The first character indicates the type of file. In this case, the “-” indicates a regular file. Other possible values include “d” for a directory and “l” for a symbolic link.
The next nine characters represent the permissions for the three categories (user, group, and others). Each category is represented by three characters. The first character indicates read permissions, the second character indicates write permissions, and the third character indicates execute permissions.
So in the example above, the file has read, write, and execute permissions for the user (rwx), read and execute permissions for the group (r-x), and read permissions for others (-r–).
The first character is file type. It is usually a “-” if the file is a regular file, but it can also be a “d” if the file is a directory.
Understanding file permission numbers in Linux
In Linux, you can also represent file permissions using numbers instead of characters. This is often easier to understand, especially when working with scripts or programs that need to set file permissions.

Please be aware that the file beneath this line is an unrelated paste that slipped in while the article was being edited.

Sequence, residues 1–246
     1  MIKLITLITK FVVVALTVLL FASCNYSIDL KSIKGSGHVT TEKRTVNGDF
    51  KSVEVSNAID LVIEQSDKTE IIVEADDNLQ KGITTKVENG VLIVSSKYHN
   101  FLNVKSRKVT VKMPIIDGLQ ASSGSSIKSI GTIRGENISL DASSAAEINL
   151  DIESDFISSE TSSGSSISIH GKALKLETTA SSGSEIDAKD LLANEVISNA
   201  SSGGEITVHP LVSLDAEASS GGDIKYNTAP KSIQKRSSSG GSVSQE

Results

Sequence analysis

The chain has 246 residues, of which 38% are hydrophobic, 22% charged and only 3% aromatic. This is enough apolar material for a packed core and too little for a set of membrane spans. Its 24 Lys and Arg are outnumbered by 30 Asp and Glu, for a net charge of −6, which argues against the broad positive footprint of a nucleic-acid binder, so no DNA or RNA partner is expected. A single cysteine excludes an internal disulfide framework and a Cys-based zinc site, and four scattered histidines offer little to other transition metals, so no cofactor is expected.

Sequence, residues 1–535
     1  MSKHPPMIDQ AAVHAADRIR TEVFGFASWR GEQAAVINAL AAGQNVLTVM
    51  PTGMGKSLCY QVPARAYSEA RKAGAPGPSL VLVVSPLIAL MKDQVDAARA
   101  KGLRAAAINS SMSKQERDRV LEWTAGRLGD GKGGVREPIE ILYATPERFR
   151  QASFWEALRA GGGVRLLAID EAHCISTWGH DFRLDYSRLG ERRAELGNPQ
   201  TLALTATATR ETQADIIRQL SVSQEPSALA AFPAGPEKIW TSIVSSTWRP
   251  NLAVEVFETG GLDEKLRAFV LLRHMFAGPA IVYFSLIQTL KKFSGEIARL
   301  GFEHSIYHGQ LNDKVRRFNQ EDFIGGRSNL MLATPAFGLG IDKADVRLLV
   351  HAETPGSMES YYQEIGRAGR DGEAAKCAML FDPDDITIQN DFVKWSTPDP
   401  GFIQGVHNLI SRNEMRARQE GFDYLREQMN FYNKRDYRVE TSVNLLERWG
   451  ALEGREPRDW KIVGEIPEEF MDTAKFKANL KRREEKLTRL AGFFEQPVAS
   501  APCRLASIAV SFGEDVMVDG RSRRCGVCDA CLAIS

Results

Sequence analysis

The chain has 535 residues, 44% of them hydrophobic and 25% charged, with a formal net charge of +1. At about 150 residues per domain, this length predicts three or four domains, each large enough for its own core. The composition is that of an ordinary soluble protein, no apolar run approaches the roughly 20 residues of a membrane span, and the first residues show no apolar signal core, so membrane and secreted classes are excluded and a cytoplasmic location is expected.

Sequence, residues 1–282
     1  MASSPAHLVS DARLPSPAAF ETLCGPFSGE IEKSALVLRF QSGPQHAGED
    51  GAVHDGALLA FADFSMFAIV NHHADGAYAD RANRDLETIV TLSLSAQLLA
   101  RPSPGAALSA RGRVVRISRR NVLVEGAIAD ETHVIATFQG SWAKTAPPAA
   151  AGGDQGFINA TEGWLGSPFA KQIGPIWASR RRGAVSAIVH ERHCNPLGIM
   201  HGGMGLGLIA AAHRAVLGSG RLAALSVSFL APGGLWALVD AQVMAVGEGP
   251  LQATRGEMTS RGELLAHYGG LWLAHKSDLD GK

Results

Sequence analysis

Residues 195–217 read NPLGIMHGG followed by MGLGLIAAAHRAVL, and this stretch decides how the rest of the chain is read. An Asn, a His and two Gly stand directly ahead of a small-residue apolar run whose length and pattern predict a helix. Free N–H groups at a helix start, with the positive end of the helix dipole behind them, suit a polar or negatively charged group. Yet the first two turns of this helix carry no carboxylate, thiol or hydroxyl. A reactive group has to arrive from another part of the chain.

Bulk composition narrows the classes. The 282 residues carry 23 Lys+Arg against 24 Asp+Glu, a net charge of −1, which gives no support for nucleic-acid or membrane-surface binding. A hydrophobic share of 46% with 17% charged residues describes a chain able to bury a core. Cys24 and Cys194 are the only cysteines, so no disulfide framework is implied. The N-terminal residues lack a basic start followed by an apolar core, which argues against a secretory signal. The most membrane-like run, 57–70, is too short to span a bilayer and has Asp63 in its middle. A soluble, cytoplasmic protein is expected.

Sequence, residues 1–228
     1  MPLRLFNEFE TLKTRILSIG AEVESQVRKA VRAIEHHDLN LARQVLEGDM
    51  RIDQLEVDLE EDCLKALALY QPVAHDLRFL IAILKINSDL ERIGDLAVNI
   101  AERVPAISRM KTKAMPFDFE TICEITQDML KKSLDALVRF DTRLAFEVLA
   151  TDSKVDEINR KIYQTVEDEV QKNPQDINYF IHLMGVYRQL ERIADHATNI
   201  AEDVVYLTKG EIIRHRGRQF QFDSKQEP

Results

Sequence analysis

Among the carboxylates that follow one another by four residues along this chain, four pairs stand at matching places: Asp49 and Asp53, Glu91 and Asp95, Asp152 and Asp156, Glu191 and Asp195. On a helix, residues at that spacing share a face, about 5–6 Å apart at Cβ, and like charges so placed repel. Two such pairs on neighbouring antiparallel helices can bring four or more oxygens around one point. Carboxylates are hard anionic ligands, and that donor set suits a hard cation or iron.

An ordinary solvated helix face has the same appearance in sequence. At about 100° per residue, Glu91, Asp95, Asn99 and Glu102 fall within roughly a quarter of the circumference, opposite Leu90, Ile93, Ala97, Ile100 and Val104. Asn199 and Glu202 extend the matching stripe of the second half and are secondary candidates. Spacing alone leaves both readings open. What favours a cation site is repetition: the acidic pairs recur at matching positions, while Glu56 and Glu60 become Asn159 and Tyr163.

Each permission can be represented by a number:
- Read = 4
- Write = 2
- Execute = 1
- No permission = 0
So the permissions for our example file would be represented as follows:
- User: 7 (4+2+1)
- Group: 5 (4+1)
- Others: 4 (4)
To calculate the total permission number for a file, you just need to add up the numbers for each category. So our example file would have a permission number of 754.
Understanding file permissions 777
One file permission that you will often see is “777.” This means that the file has read, write, and execute permissions for all users. This is known as a “world-writable” permission and it’s generally considered to be a bad idea.
The file permissions 777 look like this:
This is known as a “full” permission, because it gives all users full read, write, and execute access to the file. This is usually not recommended, because it can be a security risk. Any user on the system can modify or delete the file, which could cause serious problems.
If you need to give all users full access to a file, it is usually better to use a permission of 755. This gives the owner full access, but only allows members of the group and others to read and execute the file. They will not be able to modify it.
How to check file permissions in Linux
To view the permissions of a file or directory, you can use the ls command with the -l option: